Elizabeth Crain’s job title was “Soil Lab Intern”, though she spent most of her summer involved in a water feature restoration project going on at two pond sites within the 750 acre park. Here again, her catfish catching skills came in handy, as she explained to a crowed of fellow Central Park employees how to avoid the spines of these bottom feeding fish when catching them. That summer, in 2001, Ms. Crain helped move wildlife and crucial plant species out of the ponds, which were being dredged as part of the water restoration project. Elizabeth reflected on that experience: seeing one of the most urban parks on earth full of life; recognizing that wildness exists everywhere, and that it is up to us as stewards of these places, to see the wilderness as an ally.
Working with the natural world is how we succeed in this life, and pass something worth while on to future generations, whoever they are. As a planet, the vast majority of us are not following this philosophy, and that does not bode well for our humanity. Unlike virtual systems, the living systems of this planet are required for people to survive. Humans need sustenance, and so do machines, in the consumption of energy, no matter the form; all things must produce and consume to function. What are you taking, and what are you giving? This is what Liz asks herself every day as she lives on this earth, and when the response is a peeping chick, or lush lettuce leaf, she knows she’s using her gifts well.
Liz has developed Leafhopper Farm around community, with other people joining her in living on the land, adding rich voice and reflection to activity on the farm. She encourages WWOOFers (World Wide Opportunities on Organic Farms) to visit Leafhopper Farm and experience small systems of agriculture, which work in harmony with the natural world; improving wild and domestic together. In stewarding the land in this way, she offers a bridge to humanism; from technology to ecology. Being located outside Seattle, a tech capitol, Leafhopper Farm offers a direct link from one of the most technologically innovative urban-scapes in The United States, to one of the wilder parts of this country; The Pacific Northwest.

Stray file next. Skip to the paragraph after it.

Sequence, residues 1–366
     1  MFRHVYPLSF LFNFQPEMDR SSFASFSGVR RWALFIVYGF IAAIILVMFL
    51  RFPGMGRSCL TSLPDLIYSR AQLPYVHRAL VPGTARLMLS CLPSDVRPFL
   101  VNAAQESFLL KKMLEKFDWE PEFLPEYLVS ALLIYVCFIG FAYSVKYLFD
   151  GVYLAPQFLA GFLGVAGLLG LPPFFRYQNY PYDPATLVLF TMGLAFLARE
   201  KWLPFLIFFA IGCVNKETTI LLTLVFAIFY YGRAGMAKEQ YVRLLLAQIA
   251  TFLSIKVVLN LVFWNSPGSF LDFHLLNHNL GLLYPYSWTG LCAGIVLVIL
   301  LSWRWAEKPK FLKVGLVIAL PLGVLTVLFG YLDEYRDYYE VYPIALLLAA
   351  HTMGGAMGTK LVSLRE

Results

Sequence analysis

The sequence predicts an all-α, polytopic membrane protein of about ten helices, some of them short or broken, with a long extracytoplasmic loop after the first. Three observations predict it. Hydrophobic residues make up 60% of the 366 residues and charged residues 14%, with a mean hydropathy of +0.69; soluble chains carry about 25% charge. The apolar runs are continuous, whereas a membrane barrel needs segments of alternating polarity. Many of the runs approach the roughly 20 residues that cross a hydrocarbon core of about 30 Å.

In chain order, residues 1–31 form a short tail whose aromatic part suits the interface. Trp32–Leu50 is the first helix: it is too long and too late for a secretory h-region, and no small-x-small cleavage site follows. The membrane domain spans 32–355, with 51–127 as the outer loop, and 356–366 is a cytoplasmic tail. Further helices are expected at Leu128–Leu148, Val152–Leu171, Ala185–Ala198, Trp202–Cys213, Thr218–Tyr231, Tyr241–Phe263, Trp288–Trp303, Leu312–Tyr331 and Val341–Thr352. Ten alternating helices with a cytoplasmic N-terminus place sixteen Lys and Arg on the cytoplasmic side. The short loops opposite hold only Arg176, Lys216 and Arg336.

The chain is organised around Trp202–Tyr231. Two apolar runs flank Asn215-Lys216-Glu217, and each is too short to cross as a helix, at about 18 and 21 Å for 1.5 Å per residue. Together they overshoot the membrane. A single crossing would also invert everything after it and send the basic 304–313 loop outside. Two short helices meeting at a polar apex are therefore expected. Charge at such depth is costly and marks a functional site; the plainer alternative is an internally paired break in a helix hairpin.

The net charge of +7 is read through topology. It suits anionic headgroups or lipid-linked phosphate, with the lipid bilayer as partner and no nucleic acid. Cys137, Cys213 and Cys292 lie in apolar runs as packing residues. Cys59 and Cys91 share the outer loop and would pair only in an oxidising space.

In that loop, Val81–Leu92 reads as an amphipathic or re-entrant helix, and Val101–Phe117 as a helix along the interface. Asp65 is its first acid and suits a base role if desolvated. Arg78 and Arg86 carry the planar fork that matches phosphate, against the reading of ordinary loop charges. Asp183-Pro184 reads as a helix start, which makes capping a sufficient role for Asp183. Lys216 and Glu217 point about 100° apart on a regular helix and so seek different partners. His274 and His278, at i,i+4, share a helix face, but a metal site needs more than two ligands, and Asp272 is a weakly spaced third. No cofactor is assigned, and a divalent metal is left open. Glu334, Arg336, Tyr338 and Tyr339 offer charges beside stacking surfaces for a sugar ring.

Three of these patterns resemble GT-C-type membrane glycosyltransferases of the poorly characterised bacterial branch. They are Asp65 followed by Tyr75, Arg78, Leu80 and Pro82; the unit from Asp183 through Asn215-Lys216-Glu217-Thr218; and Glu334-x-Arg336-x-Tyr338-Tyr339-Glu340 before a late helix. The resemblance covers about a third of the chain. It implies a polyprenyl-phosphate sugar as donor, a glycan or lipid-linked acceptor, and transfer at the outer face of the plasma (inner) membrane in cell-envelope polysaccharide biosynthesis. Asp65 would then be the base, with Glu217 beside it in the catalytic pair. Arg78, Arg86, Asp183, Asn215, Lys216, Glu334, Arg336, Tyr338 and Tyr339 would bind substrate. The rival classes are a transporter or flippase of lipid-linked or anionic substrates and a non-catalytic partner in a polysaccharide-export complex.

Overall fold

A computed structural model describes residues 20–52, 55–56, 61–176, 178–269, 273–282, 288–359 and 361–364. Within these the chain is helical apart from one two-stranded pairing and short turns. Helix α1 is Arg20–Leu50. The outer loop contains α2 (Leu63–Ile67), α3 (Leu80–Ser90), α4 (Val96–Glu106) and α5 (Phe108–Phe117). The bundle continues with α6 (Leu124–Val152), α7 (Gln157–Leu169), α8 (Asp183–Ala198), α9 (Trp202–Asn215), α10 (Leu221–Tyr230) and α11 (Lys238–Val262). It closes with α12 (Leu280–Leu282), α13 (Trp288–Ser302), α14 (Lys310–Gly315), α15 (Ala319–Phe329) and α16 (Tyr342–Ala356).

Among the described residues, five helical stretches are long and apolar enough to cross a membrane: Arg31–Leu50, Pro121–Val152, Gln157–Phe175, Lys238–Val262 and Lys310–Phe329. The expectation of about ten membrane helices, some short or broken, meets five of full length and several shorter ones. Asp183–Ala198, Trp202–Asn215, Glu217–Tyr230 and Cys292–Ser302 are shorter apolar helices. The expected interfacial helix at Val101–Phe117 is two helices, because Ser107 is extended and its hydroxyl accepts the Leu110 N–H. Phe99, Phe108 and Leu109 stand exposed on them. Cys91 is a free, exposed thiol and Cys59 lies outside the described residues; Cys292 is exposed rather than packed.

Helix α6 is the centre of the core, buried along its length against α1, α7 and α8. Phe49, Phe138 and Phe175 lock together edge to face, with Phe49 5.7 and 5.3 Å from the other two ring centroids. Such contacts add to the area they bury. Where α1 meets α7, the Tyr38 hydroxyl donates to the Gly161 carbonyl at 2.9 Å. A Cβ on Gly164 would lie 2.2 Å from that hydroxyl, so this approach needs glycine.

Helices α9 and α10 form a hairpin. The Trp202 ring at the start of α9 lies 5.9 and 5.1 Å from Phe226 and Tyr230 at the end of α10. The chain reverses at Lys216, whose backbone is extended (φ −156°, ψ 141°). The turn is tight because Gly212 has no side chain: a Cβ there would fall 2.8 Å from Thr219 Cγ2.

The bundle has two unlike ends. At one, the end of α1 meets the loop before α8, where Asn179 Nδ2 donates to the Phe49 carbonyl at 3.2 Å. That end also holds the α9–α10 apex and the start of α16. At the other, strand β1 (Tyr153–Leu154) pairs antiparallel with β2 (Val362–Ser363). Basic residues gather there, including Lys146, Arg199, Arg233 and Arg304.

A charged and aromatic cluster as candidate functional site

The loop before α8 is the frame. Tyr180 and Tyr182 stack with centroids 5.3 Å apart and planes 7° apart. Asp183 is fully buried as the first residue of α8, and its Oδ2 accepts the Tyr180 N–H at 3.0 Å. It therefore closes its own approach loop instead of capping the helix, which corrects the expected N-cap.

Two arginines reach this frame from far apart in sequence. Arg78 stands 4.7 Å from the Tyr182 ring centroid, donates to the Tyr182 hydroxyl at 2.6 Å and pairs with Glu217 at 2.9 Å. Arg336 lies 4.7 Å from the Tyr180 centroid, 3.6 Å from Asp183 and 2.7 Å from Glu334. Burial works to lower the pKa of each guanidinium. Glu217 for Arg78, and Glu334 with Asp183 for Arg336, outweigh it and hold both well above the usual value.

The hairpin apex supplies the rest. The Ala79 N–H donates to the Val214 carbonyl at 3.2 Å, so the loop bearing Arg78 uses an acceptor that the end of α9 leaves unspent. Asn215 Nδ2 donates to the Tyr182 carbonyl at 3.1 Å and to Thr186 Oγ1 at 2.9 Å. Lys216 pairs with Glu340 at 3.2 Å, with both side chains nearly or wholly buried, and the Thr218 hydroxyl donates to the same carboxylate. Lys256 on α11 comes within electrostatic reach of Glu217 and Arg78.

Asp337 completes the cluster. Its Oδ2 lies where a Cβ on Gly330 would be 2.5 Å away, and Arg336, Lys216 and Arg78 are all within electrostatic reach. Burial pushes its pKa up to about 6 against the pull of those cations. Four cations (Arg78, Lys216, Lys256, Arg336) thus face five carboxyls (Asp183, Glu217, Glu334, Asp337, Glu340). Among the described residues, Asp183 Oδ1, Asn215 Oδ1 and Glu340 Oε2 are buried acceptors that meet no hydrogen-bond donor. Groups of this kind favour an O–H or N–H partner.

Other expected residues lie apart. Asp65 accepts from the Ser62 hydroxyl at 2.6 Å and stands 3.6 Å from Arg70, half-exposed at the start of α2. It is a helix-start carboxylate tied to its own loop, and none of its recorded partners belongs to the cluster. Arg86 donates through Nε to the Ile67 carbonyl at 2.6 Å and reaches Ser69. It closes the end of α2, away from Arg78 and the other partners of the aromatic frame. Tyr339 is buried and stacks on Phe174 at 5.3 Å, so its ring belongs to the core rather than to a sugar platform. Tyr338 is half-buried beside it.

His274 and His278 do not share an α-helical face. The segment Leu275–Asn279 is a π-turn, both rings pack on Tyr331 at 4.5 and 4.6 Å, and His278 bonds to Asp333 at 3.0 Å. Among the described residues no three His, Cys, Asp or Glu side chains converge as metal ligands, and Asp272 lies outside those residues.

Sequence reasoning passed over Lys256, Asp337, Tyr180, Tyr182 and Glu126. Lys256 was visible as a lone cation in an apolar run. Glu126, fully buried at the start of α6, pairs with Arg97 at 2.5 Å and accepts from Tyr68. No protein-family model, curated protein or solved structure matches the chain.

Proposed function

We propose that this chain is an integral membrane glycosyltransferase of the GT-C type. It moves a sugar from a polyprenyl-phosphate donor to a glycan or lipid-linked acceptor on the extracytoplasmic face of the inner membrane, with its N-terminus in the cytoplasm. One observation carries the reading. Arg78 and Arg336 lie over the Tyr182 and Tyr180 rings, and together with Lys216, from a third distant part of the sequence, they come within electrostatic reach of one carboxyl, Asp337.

Liz Crain came from Oklahoma roots, transplanted around the country, from Texas to New York City; then found her way west to explore new bio-regions and wilder landscapes. Washington State, and the greater Cascadian region of The Pacific Northwest, spoke to her as home. She wandered this landscape for a few years, even spending time on the dry east side of The Cascades. She participated in a 9 month immersion program at a local wilderness school to prime her survival and cultural understanding of the place she would eventually call home. Liz Crain is a lifelong naturalist and passionate outdoors-woman.
When Liz is not on Leafhopper Farm cultivating a rich ecosystem of forest, agriculture, and neighborhood; she’s enjoying other interests which include world travel, hunting and fishing (for food), mycology, ethno-botany, and other naturalist studies. Ms. Crain is happily partnered with another passionate naturalist who shares with her a love of wildness and Washington State.